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Nutrition Articles  ›  Special Concerns

The Keys to Conquering Cholesterol

Do's and Don'ts for a Healthy Heart

-- By Becky Hand, Licensed & Registered Dietitian
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DO cut back on trans fatty acids. Trans fatty acids are formed during the process of hydrogenation, which makes a fat more saturated and extends its shelf life. Avoid the term "partially hydrogenated vegetable oil" on the ingredient list of margarines, as well as packaged foods, cookies and crackers.

DON’T forget to go fishing. Fish rich in Omega-3 fatty acids, is good for cholesterol. It is recommended to eat at least 6-8 ounces of baked or broiled fish each week. Salmon, mackerel, tuna, and halibut are excellent sources.


OTHER HEART HEALTHY TIPS:

DON’T smoke. Smoking is a major risk factor for heart disease. It decreases your HDL (high density lipoprotein, the good cholesterol) levels.

DO get moving. Physical activity is an important part of a heart-healthy routine. It can also help you control your weight and lower your blood pressure. Shoot for at least 30 minutes of activity every day.

DO lose weight, if you are overweight. People who maintain a healthful weight (a BMI of 18-24) are not only less likely to develop heart disease, but also high blood pressure and diabetes. Lose unwanted pounds by eating fewer calories and increasing your physical activity on a regular basis.

DON’T forget to know your numbers. Get your blood cholesterol levels checked yearly.

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About The Author

Becky Hand Becky Hand
Becky is a registered and licensed dietitian with almost 20 years of experience. A certified health coach through the Cooper Institute with a master's degree in health education, she makes nutrition principles practical, easy-to-apply and fun. See all of Becky's articles.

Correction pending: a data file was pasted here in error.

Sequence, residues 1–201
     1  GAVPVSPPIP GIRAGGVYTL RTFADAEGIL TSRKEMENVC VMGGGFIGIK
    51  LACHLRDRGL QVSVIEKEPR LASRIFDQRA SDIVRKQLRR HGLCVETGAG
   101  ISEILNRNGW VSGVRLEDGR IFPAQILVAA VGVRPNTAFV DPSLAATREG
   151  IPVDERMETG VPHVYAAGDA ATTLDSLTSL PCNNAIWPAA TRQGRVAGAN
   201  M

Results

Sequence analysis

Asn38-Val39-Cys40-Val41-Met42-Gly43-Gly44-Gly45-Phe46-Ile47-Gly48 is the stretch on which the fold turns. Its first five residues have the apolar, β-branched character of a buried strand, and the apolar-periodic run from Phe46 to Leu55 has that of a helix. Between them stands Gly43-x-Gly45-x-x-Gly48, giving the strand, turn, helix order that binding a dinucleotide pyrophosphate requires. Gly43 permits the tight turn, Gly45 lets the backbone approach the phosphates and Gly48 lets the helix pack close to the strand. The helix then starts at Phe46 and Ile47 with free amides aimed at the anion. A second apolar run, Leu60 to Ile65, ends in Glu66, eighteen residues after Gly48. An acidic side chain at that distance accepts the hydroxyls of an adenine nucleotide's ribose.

Member Comments

  • Weight gain is also caused by over consumption of simple carbohydrates NOT fat. - 7/1/2014 4:44:26 PM
  • #1 high dietary cholesterol does not equal high serum cholesterol
    #2 eating saturated fat DOES NOT equal poor lipid profiles
    # Lipitor, Crestor, all statins etc are dangerous to your health and only lower cholesterol in about 2% of people
    #3 POOR lipid profiles are caused by over consumption of simple carbohydrates. - 7/1/2014 4:43:17 PM
  • NJ_HOU
    Using olive oil to pan fry is a bad idea, most cooks go over 400 when frying so unless you are checking the temperature ... just use a high heat oil do yourself a favor.
    Below are 2 rather lengthy explanations and the issue is related to Smoke Point
    the first is from livestrong dot com and the second from internationaloliv
    eoil dot org:
    The biggest health risk when frying with olive oil occurs when it is heated beyond its smoke point. The smoke point of an oil is the temperature at which the oil begins to give off smoke. That smoke contains compounds harmful to human health. Some of these compounds are harmful when breathed in along with the smoke. Others, free radicals, have been implicated in degenerative diseases like cancer.
    Varieties of Olive Oil
    Olive oil has a wide range of smoke points. Extra virgin olive oil smokes at 320 degrees Fahrenheit. A high-quality low-acidity extra virgin oil smokes at 405 degrees. Virgin olive oil smokes at 420 degrees and extra light olive oil smokes at 468 degrees. Foods are typically fried at 350 to 375 degrees. Practically, that means that some olive oils are fine for frying; others will smoke before getting hot enough to fry well. Choosing a low-acid, light oil will minimize the health hazards of frying in olive oil. livestrong dot com and internationaloliv
    eoil dot org says
    Olive oil is ideal for frying. In proper temperature conditions, without over-heating, it undergoes no substantial structural change and keeps its nutritional value better than other oils, not only because of the antioxidants but also due to its high levels of oleic acid. Its high smoking point (210ºC/aka 410 F) is substantially higher than the ideal temperature for frying food (180ºC/aka c.350 F). Those fats with lower critical points, such as corn and butter, break down at this temperature and form toxic products. - 2/27/2014 9:55:56 AM